As long as the turbo is working (not completely clogged), there is no need to dismantle it prior to spraying, meaning you can leave it as-is on the vehicle. The spray works to remove carbon, as well as other harmful contaminants like tar.

JLM Lubricants Diesel Turbo Cleaner

JLM Lubricants Diesel Turbo Cleaner

Manufacturer: JLM Lubricants
Part Number: J02380
Quantity: 16.9 oz
Works for: Diesel engines

JLM Lubricants is a premium brand that focuses on making professional-grade products that can be used by the DIYer, and their turbo cleaner is no exception.

The cleaner is a pour-in additive, and the bottle is good for a maximum of 18.5 gallons of diesel fuel. After this, you should deplete the fuel as much as possible in order to run the product through the system effectively.

It’s best to add the cleaner only when you have time to go for a long drive, and of course when your tank holds no more than 18.5 gallons of fuel.

Revive Diesel Turbo Cleaner Kit

Revive Diesel Turbo Cleaner Kit

Manufacturer: Revive
Part Number: ‎1449-9000
Quantity: 25.4 oz
Works for: Diesel engines
Buy on: Amazon

Revive offers a kit instead of just the cleaner itself. The kit comes with the spray as well as a nozzle, and they take extra care to offer separate options for both gasoline and diesel engines, ensuring maximum effectiveness for the type of engine.

The Revive kit is meant to be used while the car’s engine is on. The spray contains particles that bind to the various build-up contaminants, which will then be carried away as the engine runs, exhausted out and leaving a cleaner turbo behind.

Another unique aspect of the Revive kit is that it is that it’s environmentally friendly, with a spray that is both biodegradable and non-toxic.

Revive Petrol Turbo Cleaner Kit

Revive Gasoline Turbo Cleaner Kit

Manufacturer: Revive
Part Number: 1449-9400
Quantity: 25.4 oz
Works for: Gasoline Engines
Buy on: Amazon

The Revive kit for gasoline engines happens to have an identical manufacturer part number as the kit for diesel engines, so be sure to double-check the packaging prior to purchase to make sure you have the right one for your car.

It comes with the same nozzle and volume of liquid as its diesel counterpart, but it is formulated to work optimally for cleaning turbochargers in gas engines. It retains the environmentally friendly status with a non-toxic and biodegradable formula.

CRC Intake Valve and Turbo Cleaner

CRC Intake Valve and Turbo Cleaner

Manufacturer: CRC
Part Number: 05319
Quantity: 11 oz
Works for: Gasoline engines
Buy on: Amazon

The CRC turbo cleaner spray is different from the others on this list. It is meant to be applied to the throttle body in the engine bay rather than at the turbo’s inlet hose. It cleans both the intake valves and the turbo.

It calls for a more involved procedure compared to other turbo cleaners on this list, requiring you to warm up the engine then spray the throttle body repeatedly until the bottle is empty, revving it to a specific RPM, letting the engine idle, rest, then driving it for up to 10 minutes at highway speeds.

This product is a cleaner for gasoline direct injection (GDI) engines but can be used for other types of fuel injection systems, as well. However, if you have a GDI engine, CRC recommends using their spray every 10,000 miles to ensure optimal engine performance.

Combined with their MAF sensor cleaner, CRC’s sprays can really get your car running like it did when it was new.

Our Top Picks

The above products provide a lot of good options depending on the type of engine you have and the amount of effort required.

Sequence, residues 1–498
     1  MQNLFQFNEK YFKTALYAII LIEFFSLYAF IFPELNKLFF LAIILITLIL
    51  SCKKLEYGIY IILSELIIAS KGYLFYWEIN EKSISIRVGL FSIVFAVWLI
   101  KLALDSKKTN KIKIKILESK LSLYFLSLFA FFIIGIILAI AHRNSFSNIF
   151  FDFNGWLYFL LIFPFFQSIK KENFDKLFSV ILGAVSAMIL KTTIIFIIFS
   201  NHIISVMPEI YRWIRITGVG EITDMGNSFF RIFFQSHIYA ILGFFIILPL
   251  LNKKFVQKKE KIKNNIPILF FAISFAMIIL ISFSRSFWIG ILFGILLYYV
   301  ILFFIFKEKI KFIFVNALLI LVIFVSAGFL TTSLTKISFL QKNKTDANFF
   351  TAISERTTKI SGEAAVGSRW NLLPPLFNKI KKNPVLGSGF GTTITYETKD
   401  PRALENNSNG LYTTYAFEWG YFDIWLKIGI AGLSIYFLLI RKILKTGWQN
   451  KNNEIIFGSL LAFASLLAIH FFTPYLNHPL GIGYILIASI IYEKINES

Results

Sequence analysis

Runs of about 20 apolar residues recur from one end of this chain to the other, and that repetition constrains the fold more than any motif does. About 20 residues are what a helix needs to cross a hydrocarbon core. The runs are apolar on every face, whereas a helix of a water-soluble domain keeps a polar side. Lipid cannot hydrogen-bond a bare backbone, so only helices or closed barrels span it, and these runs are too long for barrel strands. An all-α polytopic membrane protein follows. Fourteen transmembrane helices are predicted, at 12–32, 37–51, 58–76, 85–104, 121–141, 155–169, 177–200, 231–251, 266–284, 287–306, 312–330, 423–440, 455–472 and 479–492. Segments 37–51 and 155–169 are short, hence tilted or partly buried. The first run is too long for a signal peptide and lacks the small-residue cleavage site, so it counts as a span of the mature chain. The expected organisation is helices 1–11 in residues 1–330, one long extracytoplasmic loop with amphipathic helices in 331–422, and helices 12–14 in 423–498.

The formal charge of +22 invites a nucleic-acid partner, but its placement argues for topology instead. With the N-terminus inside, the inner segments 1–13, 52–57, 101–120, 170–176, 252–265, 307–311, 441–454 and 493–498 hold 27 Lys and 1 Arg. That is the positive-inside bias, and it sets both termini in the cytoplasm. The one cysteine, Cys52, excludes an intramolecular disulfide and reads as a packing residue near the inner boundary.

Pour-in additives are generally the easiest while sprays are more involved, so let’s go over the best for common situations.

Clean vs dirty turbo comparison

Cleaning your turbo is optional, but should not be neglected as deposits will build up. It doesn’t matter how you drive your car, but if you wait until you have turbo problems, you run the risk of incurring damage to your vehicle.

It’s also a great idea to give your blow-off valve a clean from time to time too. If you are hearing more turbo flutter than usual, this may be the cause.

Best Cleaner For Turbo Diesel Engines: Archoil 6400-D

For diesel owners, we recommend Archoil 6400-D. It is a well-trusted product from a highly reputable brand in the automotive industry. Additionally, it is simple to use. Just pour in the fuel tank and go. Repeat every 5,000 miles.

You also get other components cleaned, like the fuel injectors and EGR valves, letting you tackle multiple parts for the price of one product. However, for cleaning your exhaust gas recirculation valves specifically, we recommend using an EGR valve cleaner spray.

Best Turbo Cleaner For Gasoline Engines: Wynn’s 28679

For gasoline engines, we recommend Wynn’s 28679 turbo cleaner spray. While it is more involved than using a pour-in option, the spray is very effective and lets you directly address the turbo instead of going through the fuel system.

Wynns is a premier brand, as well, so you know you are getting a quality product when going with them.

Most Environmentally Conscious Turbo Cleaner: Revive Turbo Cleaner Kit Gasoline | Diesel

If you are concerned about how the chemicals you use to clean/service your vehicle impact the environment, go with one of the Revive kits. Their formula is water-based and non-toxic, as well as biodegradable, so you can rest assured you are not causing undue harm to the environment when using it.

Be sure to select the one meant for your engine. They have both diesel and gasoline formulas and while they are different, have the same part number. Read the packaging (in person or online) to make sure it says “diesel” or “gasoline” as applicable.

Best Turbo Cleaner For GDI Engines: CRC Intake Valve and Turbo Cleaner

GDI engines present their own issues which are beyond the scope of this list, but if you have a turbocharged GDI engine, we recommend going with the CRC cleaner.

While it is arguably the most complicated treatment on this list, involving more steps that are very specific, it helps clean both the intake valves and turbo of a GDI engine, which is crucial. Both intake valves and turbos are expensive, and replacing either is going to be costly.

Avoid this headache by using the CRC cleaner, helping ensure the valves and/or turbo do not become bogged down with carbon and other debris.

Note you can use this product even if you have a non-GDI engine safely. However, it is recommended especially for GDI engines due to their issues with carbon deposits.

How frequently do you clean your turbo? Let us know by leaving a comment below!


  1. I’m about to try either CRC or Wynn’s on my 2007 Mini Cooper S. I’ll post the results. Thanks for the breakdown.

  2. CRC says you can also spare this cleaner into the inlet/intake hose, after rhe MAF sensor and before the turbo. So through the Turbo.